We study the interplay of strong interactions, fractionalization and topology, specially in gapless phases of matter. We also study unconventional forms of spin and charge charge transport. Our problems are often experimentally inspired. 





Neutral Fermi Surfaces in Electrical Insulators

We have recently proposed a new phase for mixed valence insulators motivated by the intriguing observations in SmB6.  This phase, which we call the "composite exciton fermi liquid", has a fermi surface of emergent neutral fermions minimally coupled to an emergent U(1) gauge field. It is an insulator to electric charge but can conduct heat like a metal and displays an analogue of the de-Haas van Alphen effect.

Quantum Hall Ferroelectrics and Nematics

We have proven a generalized version of quantum Hall ferromagnetism in which a wide class of multi-valley quantum Hall systems at integer filling lead to spontaneously broken symmetry states that break spontaneously inversion and/or rotation symmetries.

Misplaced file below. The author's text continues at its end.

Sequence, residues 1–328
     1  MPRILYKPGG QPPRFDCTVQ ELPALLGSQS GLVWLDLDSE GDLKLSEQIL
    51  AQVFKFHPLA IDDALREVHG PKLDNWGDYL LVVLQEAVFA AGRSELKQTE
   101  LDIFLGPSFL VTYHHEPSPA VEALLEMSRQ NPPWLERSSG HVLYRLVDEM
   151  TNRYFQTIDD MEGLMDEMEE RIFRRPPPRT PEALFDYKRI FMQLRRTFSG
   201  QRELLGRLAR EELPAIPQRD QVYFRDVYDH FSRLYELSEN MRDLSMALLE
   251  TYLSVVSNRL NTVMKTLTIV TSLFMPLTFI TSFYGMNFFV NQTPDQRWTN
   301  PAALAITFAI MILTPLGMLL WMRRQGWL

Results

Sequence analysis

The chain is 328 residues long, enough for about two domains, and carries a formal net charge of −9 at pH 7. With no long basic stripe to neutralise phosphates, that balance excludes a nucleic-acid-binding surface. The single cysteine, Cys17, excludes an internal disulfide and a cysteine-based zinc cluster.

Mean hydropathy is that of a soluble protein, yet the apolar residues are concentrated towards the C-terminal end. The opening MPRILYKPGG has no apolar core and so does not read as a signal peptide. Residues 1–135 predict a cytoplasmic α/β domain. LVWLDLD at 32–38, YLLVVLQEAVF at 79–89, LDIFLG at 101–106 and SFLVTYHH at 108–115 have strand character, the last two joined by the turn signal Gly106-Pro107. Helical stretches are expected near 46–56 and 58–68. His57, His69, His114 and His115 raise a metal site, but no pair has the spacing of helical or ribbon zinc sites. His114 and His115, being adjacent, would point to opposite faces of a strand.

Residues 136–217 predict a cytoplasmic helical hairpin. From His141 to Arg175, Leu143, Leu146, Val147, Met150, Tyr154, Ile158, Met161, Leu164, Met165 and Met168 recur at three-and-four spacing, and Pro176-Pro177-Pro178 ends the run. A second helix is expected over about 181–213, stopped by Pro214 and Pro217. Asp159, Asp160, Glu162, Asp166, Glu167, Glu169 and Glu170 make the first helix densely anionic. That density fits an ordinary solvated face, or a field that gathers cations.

Transition from Moore-Read State to Quantum Hall Stripes

We have also recently studied the phase transition from the Moore-Read state to the stripe charge density wave state driven by mass anisotropy

Exciton condensation equals Composite fermion pairing

We have discovered a remarkable connection between two well known fractionalized phases of matter: "the exciton condensate" realized in quantum Hall bilayers and the "composite fermi liquid" state realized in half-filled Landau levels. We found that there exists a special interlayer pairing channel for composite fermions that is identical to the exciton condensate, so that both states can be adiabatically connected in a manner analogous to the BEC to BCS crossover.